Hedge funds have often been seen as unsuitable investments for pension funds. Some have said the liability-driven structure of the UK defined benefit market and its reliance on relative return and index benchmarks is incongruous with the absolute return-driven objectives of hedge funds.
“We believe this is changing quickly,” says Bjerke. Hedge funds have started to gain credibility as a potential investment for pension funds. These days, they are more transparent, have longer track records, better oversight and people now understand more how they work. And the derivatives markets that hedge funds rely on have developed significantly.
This has meant more opportunities for linking the uncorrelated alpha generation of a hedge fund with the beta-driven returns of the equity markets, she says, through the use of futures or swaps, or ‘portable alpha’. “This makes for a potent combination, which when constructed correctly offers pension funds the chance to better combine the absolute return objectives (alpha) of a hedge fund whilst still maintaining the full market exposure to a desired equity market (beta).”
Aon sees this as a significant area, which is going to attract the interest of UK pension funds. “We aim to be in the forefront of research and developments in this area,” Bjerke says.
In general, she believes the UK consultant industry is ready to advise on hedge fund investments -– and has been for some time. It’s the job of an investment consultant not only to advise clients on current investment strategies and trends, but also to keep abreast with development in financial markets and how they can be of use to clients.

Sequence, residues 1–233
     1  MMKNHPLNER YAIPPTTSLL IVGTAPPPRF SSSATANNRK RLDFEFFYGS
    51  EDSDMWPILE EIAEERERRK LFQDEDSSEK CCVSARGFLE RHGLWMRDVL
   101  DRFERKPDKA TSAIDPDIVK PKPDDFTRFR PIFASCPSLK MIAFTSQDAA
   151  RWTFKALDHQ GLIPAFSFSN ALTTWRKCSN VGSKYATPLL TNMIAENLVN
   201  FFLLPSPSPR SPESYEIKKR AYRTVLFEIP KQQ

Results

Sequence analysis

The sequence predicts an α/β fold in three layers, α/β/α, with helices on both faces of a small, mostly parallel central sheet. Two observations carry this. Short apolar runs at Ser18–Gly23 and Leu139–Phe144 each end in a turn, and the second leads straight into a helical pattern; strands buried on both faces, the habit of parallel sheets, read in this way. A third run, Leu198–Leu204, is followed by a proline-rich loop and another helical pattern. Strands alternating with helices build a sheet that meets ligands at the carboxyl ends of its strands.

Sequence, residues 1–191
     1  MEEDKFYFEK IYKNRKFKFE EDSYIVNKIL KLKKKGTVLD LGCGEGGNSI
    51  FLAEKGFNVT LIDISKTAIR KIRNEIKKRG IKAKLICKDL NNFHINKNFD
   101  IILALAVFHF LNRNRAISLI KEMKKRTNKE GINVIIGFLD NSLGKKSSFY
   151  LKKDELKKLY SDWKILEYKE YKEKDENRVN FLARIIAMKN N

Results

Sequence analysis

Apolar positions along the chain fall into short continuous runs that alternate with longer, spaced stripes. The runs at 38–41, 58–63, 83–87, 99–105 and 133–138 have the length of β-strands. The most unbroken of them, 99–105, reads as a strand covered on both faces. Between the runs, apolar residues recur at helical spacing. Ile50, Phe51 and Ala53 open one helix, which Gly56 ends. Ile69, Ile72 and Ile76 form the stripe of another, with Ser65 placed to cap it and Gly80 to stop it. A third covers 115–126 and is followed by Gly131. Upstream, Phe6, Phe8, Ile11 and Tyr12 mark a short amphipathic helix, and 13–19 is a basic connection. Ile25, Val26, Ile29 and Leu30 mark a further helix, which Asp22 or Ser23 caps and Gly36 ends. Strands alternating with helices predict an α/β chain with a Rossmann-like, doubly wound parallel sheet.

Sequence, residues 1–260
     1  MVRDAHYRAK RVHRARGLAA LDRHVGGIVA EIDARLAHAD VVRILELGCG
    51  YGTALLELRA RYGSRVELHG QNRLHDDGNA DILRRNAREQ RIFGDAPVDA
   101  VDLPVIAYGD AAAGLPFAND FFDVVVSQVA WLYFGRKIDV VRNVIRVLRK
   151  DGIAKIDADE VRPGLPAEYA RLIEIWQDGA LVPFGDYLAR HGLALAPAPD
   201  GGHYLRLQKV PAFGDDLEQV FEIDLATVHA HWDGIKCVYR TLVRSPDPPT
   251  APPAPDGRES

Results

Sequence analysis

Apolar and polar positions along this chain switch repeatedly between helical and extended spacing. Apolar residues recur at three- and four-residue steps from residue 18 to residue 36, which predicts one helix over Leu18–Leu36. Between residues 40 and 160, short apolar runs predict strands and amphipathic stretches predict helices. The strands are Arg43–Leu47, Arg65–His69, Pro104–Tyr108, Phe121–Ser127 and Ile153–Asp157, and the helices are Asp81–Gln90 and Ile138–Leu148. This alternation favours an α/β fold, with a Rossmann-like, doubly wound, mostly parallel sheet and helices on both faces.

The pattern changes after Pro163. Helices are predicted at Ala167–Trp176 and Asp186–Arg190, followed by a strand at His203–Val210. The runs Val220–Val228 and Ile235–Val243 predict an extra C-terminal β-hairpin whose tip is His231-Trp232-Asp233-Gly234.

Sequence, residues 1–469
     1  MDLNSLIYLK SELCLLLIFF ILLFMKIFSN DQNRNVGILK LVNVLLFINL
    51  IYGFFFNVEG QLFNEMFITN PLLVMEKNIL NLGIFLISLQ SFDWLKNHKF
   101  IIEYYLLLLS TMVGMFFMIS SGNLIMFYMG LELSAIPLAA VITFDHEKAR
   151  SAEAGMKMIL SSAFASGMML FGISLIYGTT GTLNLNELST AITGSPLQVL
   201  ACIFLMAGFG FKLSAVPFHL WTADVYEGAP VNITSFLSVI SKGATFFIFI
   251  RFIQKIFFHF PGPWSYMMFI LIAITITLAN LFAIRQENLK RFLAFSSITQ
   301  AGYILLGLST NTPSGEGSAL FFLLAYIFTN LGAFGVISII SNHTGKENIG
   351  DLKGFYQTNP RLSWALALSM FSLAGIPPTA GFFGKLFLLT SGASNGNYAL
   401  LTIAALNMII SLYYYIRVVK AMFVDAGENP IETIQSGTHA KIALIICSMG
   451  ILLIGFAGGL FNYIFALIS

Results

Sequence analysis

But in Belgium, for the moment at least, hedge funds are very little used by pension funds, says Jos Verlinden of M&P Consult. And there is very limited scope for the funds to use hedge funds – just two or three%.
Pension funds in Belgium are still relatively small compared to those in the UK. Total pension fund assets lie somewhere between e10bn and e15bn. Apart from this, investment is almost totally outsourced to banks and other institutions. Investment strategy has remained very conservative, with much investment in fixed income, says Verlinden.
In Italy, consultants have a long way to go before they really are knowledgeable enough about hedge funds. Daniele Pace of Tailor Consulting in Milan says: “In my opinion, a long way has to be walked by consultants - at least in Italy - to be able to consider hedge in AAS, AAT and risk management. This is a pity because some kind of hedge, market neutral ones, for example, could be very suitable for Italian institutionals.”
But despite the new legislation, there are hurdles ahead for pension funds wanting to use hedge funds as part of their investment strategy, says Pace. “There is, in addition, a problem of liquidity and marked to market valuation of hedge to be changed to make them compatible with the legislation on pension funds,” he says.
Hedge fund investment will not be a new path for pension funds in all countries. In Sweden, for example, pension funds have been able to invest in hedge funds long before this new EU-regulation, says Gustaf Rentzhog of Carnegie Pension Consulting in Stockholm.
“Most pension funds that have been investing in hedge funds have invested a small proportion of their capital in hedge funds and the most popular form has been funds of funds,” he says.
In France, local investors who are getting involved in the hedge fund area are mostly interested in multi-management for hedge funds, says Michel Piermay of Fixage in Paris. But despite the EU go-ahead, hedge fund investment is still some way off in a broader sense. Although local regulations are changing for distribution, they have not yet changed for investors, he says.
Consultants have some assignments, he says, but these are mainly for experimental purposes rather than immediate intentions to invest.